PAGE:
This blog entry was written by my wife, Anne. Anne is a fantastic photographer (as I frequently mention) and runs two blogs. Her first is The Savage Feast, a blog about food, gardening, eating & drinking, and enjoying the “foodie” lifestyle. Her most recent project is the Anne Savage Photography Politics in Pictures blog. This is where her political photography finds a home. It’s a new site so there’s lots more to come and I highly encourage you to check it out.
What follows is Anne’s perspective of the Blossomtime parade on Saturday that started in St. Joseph, Michigan and finished in Benton Harbor – a story told less with words than pictures. Governor Rick Snyder was the Grand Marshal so he led the parade.
There are two bridges right next to each other that cross the St. Joseph River, separating the two cities. This quarter mile stretch was the only empty spot on the parade route with only a handful of people along this section. You’ll see this a couple of Anne’s photos, a sort of demilitarized zone. It was during this section where Governor Snyder and his entourage of security and police separated from the next group in the parade, the fantastic Benton Harbor marching band, putting a 10-minute gap between them and the kids.
It was very clear that they were expecting trouble in Benton Harbor, trouble they never got. The protesters were peaceful and the residents of Benton Harbor showed little animosity toward the Governor. They almost seemed caught up in a drama had little to do with them and their daily lives. Nonetheless, Governor Snyder and his security detail were well prepared to deal with violence that never occurred and Anne’s photos and words tell this story in a profound way.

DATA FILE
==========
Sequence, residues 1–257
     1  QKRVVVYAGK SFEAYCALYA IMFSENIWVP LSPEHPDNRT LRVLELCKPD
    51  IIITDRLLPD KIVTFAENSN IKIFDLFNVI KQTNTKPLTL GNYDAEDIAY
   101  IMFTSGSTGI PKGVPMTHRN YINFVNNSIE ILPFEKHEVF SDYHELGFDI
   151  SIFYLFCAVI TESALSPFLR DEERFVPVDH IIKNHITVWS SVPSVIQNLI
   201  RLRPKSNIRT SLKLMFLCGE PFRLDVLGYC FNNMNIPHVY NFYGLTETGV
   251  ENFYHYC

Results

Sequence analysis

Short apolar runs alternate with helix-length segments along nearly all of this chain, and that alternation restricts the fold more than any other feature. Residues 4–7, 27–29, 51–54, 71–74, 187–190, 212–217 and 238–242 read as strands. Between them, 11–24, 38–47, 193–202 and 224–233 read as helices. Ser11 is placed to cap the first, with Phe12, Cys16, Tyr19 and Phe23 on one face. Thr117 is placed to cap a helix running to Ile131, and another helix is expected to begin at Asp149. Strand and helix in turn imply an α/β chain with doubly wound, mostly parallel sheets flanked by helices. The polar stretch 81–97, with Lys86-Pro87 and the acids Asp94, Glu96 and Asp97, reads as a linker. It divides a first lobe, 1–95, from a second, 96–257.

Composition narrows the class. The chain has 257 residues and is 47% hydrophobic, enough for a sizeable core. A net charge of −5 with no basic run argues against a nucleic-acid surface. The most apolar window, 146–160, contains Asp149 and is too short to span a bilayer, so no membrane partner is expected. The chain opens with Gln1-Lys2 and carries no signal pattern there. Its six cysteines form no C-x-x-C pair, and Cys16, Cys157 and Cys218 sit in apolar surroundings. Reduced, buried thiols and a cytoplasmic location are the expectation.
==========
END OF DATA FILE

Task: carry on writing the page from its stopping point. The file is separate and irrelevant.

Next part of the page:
P.S. You can see larger versions of all of these images along with more images at the Anne Savage Photography Politics in Pictures blog.
All photos copyrighted by Anne C. Savage. Please do not use without permission.
The Grand Floral Parade in St. Joseph and Benton Harbor is held on the first Saturday in May in conjunction with the Blossom Time Festival, the oldest and largest multi-community festival in the state of Michigan. It takes place on Main Street starting in St. Joseph, crossing over the bridge and ending in Benton Harbor.
According to the Blossom Time Festival website the festival was started in 1906 inspired by the regions many orchards.
Influenced by a growing agricultural industry, in 1906 Rev.W. J. Cady of the First Congregational Church in Benton Harbor was the first to urge his parishioners to drive through the orchards and view the fruit blossoms. Cady termed them “symbols of life renewed” and his sermon is credited with the birth of the Blossomtime Festival.
Governor Rick Snyder will head up the procession as grand marshal with an honor guard from the Berrien County Sheriffs Department and the Berrien County Mounted Division. Also scheduled to take part in the parade are U.S. Rep. Fred Upton, R-St. Joseph; state Rep. Sharon Tyler, R-Niles; and state Rep. Al Pscholka, R-Stevensville.
Chris (Eclectablog) and I got to Benton Harbor around noon, parked in Benton Harbor and walk the parade route to the start of the parade in St. Joseph. On our walk, we observed a few things. First of all, there were a ridiculous amount of police cars and officers blocking the roads to the Benton Harbor parade route. I only saw one police car in St. Joseph at one of the road blocks to the parade route. All the other roads were blocked by the standard barricades.
Right before crossing the two bridges over to St. Joseph were a few hundred, mostly white, mostly union, and mostly dressed in red, protesters. That appeared to be the largest gathering of protesters along the route. There were a few other spots with small groups of protesters holding signs.